Aided by Oil, Carbon Capture Projects Advance in Texas

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Denbury Resources began pumping carbon dioxide into this oilfield in Alvin, Texas, last week. The carbon dioxide is piped in from Mississippi and helps extract oil.
Denbury Resources began pumping carbon dioxide into this oilfield in Alvin, Texas, last week. The carbon dioxide is piped in from Mississippi and helps extract oil.

The Obama administration views carbon dioxide as a pollutant that warms the earth, and it imposed new regulations at the beginning of the year to begin to control CO2 emissions. But to Texas oilmen, carbon dioxide is a useful — and scarce — commodity that is vital to extracting hard-to-reach oil reserves.

In Texas, the nation’s largest oil producer, the demand for CO2 is soaring — because carbon dioxide can help squeeze oil out of formations deep in the earth — and new carbon dioxide-producing facilities are in the works. 

Last month, Texas air-quality regulators approved crucial permits for two coal-fired power plants that will capture their carbon dioxide emissions and sell them for use in nearby oil fields. A major new pipeline operated by Plano-based Denbury Resources began ferrying carbon dioxide from Mississippi to oilfields near Houston last month.

“The demand for carbon dioxide is very, very large," said Steve Melzer, the Midland-based president of the Texas Carbon Capture and Storage Association. He added that some oil-extraction projects are on hold because they cannot buy enough carbon dioxide.

The idea of capturing carbon dioxide and pumping it underground is gaining traction in the power sector. It sounds like an exercise in environmental idealism: Take the heat-trapping gas — belched prolifically from coal plants, which generate 45 percent of the nation’s electricity — and bury it, benefiting the atmosphere and combating global climate change. Of course, it is something of an environmental conundrum that stowing the greenhouse gas underground can also help to produce more fossil fuels.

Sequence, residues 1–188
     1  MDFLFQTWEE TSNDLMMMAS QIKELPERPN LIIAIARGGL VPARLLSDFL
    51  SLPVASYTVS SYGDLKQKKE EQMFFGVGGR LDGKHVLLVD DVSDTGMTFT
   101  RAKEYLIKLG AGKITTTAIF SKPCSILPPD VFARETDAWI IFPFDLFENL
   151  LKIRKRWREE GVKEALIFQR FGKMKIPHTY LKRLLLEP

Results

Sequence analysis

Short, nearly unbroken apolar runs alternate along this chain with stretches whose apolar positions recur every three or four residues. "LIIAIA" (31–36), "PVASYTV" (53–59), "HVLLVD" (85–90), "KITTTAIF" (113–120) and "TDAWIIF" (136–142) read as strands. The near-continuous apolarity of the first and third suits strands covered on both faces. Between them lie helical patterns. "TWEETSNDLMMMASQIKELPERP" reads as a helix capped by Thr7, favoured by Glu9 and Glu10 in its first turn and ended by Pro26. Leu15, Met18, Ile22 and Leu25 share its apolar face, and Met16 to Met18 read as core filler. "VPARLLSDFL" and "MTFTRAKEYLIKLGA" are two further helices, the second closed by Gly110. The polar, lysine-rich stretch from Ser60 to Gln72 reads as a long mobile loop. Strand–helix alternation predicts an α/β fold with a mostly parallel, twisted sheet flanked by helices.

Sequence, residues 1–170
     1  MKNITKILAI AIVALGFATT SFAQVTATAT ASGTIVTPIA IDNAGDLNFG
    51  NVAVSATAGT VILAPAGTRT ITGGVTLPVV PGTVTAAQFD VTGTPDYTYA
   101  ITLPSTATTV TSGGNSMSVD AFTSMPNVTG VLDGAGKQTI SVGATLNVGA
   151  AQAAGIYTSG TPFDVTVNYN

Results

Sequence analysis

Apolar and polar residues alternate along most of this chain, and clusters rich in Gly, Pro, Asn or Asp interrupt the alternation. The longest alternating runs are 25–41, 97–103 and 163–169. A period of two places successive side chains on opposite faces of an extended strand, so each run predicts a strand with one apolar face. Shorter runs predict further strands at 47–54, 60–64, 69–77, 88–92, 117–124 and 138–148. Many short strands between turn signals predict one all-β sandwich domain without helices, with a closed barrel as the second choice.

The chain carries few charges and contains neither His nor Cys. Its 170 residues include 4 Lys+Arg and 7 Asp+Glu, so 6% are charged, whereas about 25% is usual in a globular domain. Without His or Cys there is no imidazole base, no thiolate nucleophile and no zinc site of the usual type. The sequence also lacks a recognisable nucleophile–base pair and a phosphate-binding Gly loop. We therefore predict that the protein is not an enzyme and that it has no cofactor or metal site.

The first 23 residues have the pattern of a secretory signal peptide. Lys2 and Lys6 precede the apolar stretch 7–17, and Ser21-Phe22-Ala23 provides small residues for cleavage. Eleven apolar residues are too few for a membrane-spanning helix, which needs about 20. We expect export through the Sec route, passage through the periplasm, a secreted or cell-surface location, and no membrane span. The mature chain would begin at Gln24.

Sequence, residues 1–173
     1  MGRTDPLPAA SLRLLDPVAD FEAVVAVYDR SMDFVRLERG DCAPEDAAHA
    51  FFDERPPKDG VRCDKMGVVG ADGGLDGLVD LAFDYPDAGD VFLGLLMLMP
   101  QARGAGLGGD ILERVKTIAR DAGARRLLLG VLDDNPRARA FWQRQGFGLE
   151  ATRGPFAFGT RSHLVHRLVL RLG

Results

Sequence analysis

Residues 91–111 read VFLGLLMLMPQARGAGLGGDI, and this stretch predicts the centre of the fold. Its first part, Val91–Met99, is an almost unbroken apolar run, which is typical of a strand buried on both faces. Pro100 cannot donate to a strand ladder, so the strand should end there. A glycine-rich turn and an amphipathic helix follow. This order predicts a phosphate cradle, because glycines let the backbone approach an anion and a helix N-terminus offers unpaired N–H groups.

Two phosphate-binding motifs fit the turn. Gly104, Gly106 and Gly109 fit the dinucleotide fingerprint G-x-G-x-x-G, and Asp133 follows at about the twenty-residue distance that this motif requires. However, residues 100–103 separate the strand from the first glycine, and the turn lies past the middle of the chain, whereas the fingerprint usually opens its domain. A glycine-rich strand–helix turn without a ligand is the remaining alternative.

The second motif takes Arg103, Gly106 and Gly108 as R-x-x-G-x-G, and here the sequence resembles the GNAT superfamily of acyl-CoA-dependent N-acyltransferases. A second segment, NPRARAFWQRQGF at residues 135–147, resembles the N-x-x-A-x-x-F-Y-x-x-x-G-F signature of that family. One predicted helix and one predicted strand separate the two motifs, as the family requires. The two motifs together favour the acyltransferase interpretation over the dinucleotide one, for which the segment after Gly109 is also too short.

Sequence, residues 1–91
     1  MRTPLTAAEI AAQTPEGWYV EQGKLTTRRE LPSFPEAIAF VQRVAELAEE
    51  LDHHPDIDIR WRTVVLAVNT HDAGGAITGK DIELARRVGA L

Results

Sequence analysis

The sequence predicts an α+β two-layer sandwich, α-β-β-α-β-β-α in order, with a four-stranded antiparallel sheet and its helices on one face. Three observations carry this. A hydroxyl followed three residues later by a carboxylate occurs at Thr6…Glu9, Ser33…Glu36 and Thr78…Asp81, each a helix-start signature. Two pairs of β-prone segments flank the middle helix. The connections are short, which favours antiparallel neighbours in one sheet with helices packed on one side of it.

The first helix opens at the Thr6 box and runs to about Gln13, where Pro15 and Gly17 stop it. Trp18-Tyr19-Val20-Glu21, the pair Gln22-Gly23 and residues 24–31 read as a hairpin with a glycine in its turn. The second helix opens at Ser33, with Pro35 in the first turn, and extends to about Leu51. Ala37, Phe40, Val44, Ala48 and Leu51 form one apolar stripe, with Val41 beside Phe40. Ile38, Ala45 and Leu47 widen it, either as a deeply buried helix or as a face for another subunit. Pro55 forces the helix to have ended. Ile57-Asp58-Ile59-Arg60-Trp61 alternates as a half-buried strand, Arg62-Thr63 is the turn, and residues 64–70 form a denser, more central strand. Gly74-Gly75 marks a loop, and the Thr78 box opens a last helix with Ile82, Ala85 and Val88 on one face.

Carbon dioxide is a “fantastic solvent,” said Susan Hovorka, a scientist with the Gulf Coast Carbon Center at the University of Texas’ Jackson School of Geosciences. In a nearly liquid form, it can mix with the underground oil, making the oil more fluid and easier to extract. Water gets pumped in before the carbon dioxide; when carbon dioxide is unavailable, water suffices, but it is not as effective.

Some of the carbon dioxide comes back out with the oil, but that gets separated and reused in the wells. When the project has finished producing oil, the vast majority of the carbon dioxide stays underground and will not leak out of the tiny pores it is wedged into, said Hovorka, whose team has monitored two oil fields in the state and verified that the gas does not escape.

Capturing carbon dioxide can increase a coal plant’s capital cost by 30 percent — a key reason why no major power plant with that capability has been built in the United States. One pilot-scale project, slated to expand, has been operating in West Virginia since 2009, and another plant that may capture and store carbon dioxide is under construction in Indiana. In addition to the two proposed Texas plants, projects are in the planning phases in California, Illinois, Kentucky and Mississippi, said Julio Friedmann, director of the carbon management program at Lawrence Livermore National Laboratory.